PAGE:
These provisions establish a right of action in favor of the [74 Cal. App. 2d 883] employer and make the third party directly liable to the employer where such an action is brought. While this right of action and this liability are clearly established, some confusion results because the provisions of this chapter (ยงยง 3850-3862) permit the employer to include in his action elements of damage which are personal to the employee (State Comp. Ins. Fund v. Matulich, 55 Cal. App. 2d 528 [131 P.2d 21]) with provisions that he may not retain, and must account to the employee for, any excess over his own special damage which he may recover. However, no double recovery will be permitted because of the overlapping of items of injury to the employee which are also an injury to the employer because of the compensation or other payments he is required to make. (Eckman v. Arnold Taxi Co., 64 Cal. App. 2d 229 [148 P.2d 677].)

[1] The appellant contends that this new bright of action, thus given to the employer by these sections, is based entirely upon these statutes and that such an action is one "upon a liability created by statute" and governed by subdivision (1) of section 338, Code of Civil Procedure, and, further, that it is an action based upon an injury to a property right, thus also coming within the provisions of subdivision (3) of section 338, Code of Civil Procedure. On the other hand, the respondents contend that these sections of the Labor Code, and their predecessors, impose no new liability upon the negligent third party, that the employer is merely subrogated to, or substituted in, the long established right of the employee to sue the third party, and that it follows that the employer or his insurance carrier, like the employee, is subject to the one year limitation imposed by subdivision (3) of section 340, Code of Civil Procedure.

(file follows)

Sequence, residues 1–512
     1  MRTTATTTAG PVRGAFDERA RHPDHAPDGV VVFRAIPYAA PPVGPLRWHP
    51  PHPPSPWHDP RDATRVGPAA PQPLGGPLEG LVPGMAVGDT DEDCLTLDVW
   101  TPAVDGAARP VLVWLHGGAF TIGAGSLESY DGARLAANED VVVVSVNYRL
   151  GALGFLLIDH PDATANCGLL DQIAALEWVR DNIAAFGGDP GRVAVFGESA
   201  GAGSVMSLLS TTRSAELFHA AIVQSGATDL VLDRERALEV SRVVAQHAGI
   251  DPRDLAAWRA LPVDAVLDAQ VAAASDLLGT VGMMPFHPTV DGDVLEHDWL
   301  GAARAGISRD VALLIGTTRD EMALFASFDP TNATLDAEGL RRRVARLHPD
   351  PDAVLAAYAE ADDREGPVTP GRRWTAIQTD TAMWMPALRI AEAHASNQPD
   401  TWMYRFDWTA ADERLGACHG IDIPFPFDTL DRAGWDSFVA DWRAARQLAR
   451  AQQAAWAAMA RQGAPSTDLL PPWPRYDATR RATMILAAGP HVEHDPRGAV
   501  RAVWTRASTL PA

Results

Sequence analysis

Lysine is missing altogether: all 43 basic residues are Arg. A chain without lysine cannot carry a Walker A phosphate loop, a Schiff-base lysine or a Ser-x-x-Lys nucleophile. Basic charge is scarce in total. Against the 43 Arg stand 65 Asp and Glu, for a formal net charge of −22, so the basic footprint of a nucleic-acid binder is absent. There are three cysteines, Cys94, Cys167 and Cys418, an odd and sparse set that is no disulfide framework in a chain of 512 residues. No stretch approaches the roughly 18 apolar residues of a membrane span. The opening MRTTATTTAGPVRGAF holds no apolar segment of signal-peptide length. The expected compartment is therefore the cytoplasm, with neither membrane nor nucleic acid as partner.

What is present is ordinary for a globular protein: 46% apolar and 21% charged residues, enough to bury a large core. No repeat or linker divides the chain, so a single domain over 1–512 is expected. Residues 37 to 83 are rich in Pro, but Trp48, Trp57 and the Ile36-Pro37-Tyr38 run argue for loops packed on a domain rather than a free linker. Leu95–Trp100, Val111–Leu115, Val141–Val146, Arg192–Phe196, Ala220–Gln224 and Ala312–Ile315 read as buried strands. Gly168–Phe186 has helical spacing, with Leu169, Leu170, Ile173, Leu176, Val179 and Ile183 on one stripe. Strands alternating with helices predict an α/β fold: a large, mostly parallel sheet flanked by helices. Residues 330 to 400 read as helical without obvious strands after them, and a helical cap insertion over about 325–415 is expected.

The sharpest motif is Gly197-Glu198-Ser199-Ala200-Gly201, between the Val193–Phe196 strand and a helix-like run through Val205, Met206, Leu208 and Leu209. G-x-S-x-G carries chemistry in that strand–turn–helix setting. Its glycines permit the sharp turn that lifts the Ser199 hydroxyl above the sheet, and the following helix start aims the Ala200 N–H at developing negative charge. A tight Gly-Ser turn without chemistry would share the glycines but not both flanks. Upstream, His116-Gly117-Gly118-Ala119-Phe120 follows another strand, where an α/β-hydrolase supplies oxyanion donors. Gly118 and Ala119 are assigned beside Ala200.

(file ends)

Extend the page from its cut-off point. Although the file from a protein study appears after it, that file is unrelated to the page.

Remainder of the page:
While some cases may involve a mere matter of subrogation without independent rights, sections 3850, 3852 and 3854 give a new and specific right to the employer and his insurance carrier. That this right of action against a third party who may have caused the injury to the employee which, in turn, has caused an injury to the employer or his insurance carrier, who has been obligated by law to compensate the employee to a certain extent, is not only a statutory right which is based upon a statutory liability, but one entirely separate and distinct from the right of action long enjoyed by the employee, has been recognized in several decisions in this state. [74 Cal. App. 2d 884]

In Jacobsen v. Industrial Acc. Com., 212 Cal. 440[299 P. 66], the court pointed out that "The right of subrogation as such contained in the earlier statute is not contained in the new," but that in lieu thereof "the employer is granted the right to sue or to acquire a lien for his expenditures in the event the employee sues and recovers judgment." In Merino v. Pacific Coast Borax Co., 124 Cal. App. 336 [12 P.2d 458], in discussing the right to bring an action given to the employer by section 26 of the Workmen's Compensation Act, now found in section 3852 of the Labor Code, the court said: "The right of recovery is statutory and is to be distinguished from cases involving subrogation."